Revenues for the first quarter were reported at $1.59 billion, an increase of 5% in comparison to the same period in 2015, though license revenues saw a drop of 1% to $572 million. The company now expects second-quarter revenue of $1.66 billion to $1.71 billion, compared with analysts’ average estimate of $1.66 billion.
“Q1 was a good start to 2016, both for results and against our strategic goal of building momentum for our newer growth businesses and in the cloud,” said Patrick Gelsinger, CEO at VMWare. “Our results were in line with our expectations for the period and support our outlook for the full year.”
Over the course of the period, there may have been concerns surrounding changes in the leadership team, and how a restructure would impact the performance of the business on the whole. Carl Eschenbach announced last month he would be leaving his post as VMWare President and COO to join venture capital firm Sequoia Capital as a Partner. CFO Jonathan Chadwick also left the business in January.
Eschenbach joined the firm in 2002 as VP of Sales, was appointed as co-President and COO in 2011 and eventually as the stand-alone President in 2012. During Eschenbach’s time at VMWare, revenues grew from $31 million in 2002, to more than $6 billion in 2015. The changes in leadership would not have appeared to have stifled the company’s performance, as its cloud business units performed healthily over the first quarter.
“We think on the executive side, it really is the combination of being able to attract new players than – I mentioned Rajiv (Rajiv Ramaswami, GM, Networking and Security) we brought in a leader for China, Bernard (Bernard Kwok, Greater China President); we’ve been able to continue to attract talent,” said Gelsinger. “We’ve also had commented on our very strong bench, and – like Maurizio (Maurizio Carli, VP Worldwide Sales), we had brought him over from Europe a year plus ago to prepare for this eventuality, and so we had been grooming and preparing for these transitions.”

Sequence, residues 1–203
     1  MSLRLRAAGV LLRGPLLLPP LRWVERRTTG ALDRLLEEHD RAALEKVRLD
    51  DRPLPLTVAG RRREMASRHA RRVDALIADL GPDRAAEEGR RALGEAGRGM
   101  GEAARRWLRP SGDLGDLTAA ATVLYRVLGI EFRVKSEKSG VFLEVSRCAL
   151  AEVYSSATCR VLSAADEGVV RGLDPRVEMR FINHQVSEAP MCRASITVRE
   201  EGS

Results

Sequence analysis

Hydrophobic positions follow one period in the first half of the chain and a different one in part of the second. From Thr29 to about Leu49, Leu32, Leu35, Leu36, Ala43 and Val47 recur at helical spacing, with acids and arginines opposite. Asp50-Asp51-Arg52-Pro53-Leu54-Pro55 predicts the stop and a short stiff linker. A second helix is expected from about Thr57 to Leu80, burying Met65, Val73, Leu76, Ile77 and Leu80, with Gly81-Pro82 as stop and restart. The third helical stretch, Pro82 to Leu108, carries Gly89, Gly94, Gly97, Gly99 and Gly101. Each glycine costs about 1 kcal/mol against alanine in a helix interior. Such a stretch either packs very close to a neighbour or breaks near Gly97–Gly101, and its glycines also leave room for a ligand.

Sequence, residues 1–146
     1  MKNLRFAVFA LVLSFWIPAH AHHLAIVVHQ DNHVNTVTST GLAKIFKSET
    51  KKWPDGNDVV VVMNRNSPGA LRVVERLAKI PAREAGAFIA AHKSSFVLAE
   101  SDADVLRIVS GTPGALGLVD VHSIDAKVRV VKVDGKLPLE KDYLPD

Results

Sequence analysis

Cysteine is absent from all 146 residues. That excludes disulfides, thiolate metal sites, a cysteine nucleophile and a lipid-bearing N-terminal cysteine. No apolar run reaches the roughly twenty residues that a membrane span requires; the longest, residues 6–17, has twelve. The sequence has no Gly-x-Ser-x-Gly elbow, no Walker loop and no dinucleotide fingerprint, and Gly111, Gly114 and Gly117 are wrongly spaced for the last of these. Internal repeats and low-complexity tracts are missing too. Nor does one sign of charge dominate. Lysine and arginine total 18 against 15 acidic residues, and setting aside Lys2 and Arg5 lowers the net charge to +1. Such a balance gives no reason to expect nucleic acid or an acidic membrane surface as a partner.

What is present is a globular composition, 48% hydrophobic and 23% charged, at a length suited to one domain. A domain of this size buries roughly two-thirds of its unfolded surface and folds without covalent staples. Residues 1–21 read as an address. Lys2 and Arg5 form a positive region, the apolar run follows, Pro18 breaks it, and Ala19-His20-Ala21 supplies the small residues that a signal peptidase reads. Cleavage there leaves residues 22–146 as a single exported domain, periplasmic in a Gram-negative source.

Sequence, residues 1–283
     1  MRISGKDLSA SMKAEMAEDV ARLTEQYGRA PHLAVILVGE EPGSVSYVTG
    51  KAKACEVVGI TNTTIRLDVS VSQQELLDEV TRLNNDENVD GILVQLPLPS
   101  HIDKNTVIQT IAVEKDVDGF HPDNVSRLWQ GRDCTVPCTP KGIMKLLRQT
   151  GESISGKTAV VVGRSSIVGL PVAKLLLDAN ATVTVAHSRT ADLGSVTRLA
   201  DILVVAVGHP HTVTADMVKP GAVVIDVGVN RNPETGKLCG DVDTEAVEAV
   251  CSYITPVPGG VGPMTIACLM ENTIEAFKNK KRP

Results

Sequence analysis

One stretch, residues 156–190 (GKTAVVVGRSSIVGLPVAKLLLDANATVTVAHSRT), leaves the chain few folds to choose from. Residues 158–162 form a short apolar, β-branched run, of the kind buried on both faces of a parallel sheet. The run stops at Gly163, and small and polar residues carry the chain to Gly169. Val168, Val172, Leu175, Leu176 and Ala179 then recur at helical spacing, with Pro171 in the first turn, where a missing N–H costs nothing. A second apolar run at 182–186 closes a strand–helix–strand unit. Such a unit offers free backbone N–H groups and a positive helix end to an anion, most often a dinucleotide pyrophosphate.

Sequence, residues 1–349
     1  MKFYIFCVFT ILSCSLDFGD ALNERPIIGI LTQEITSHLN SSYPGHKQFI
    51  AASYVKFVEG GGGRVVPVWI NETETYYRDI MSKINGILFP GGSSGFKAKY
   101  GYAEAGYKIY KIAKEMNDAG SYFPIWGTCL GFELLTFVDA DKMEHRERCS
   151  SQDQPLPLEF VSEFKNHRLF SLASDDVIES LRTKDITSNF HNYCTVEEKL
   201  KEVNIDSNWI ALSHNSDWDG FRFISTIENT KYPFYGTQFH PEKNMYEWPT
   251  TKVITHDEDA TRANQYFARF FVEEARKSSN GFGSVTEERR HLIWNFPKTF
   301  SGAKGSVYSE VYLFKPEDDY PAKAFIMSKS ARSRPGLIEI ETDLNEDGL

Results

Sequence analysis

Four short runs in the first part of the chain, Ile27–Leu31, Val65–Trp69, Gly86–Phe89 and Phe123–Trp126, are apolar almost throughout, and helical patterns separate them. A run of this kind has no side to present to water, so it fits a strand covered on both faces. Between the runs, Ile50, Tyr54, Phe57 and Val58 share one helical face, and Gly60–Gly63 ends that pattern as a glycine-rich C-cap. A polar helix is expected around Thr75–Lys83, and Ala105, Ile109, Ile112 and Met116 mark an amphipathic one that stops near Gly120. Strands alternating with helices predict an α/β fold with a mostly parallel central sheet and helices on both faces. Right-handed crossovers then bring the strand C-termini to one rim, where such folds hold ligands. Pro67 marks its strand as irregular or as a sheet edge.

The company also reported healthy growth for its cloud business unit, including NSX, VSAN, End-User Computing and vCloud Air Network. The company highlighted standalone vSphere license bookings were less than 35% of total bookings, a figure which was more than 50% two years ago. The team claim this reduction demonstrates the product offering has been successfully diversified.
“Turning to hybrid cloud. Total bookings for vCloud Air Network grew over 25% year-over-year,” said Zane Rowe, CFO at VMWare. “We see significant interest from cloud and service providers around the world wanting to utilize our hybrid cloud technologies. For example, as Pat mentioned earlier, IBM will be delivering a complete SDDC offering based on VMware’s technologies across their expanded footprint of cloud data centres worldwide. vCloud Air also performed well in Q1 with large enterprise customer adoption.”
In terms of long-term strategy, Gelsinger outlined a three-point plan to facilitate VMWare’s growth in the cloud market segment. Firstly, the business will consolidate its position in the private cloud space, a segment which it describes as the ‘foundation of our business’. Secondly, through the vCloud Air service and vCloud Air Network, the company aims to encourage its customers extend their private cloud into the public cloud. And finally, connecting, managing and securing end points across a range of public clouds, including Amazon Web Services and Microsoft Azure.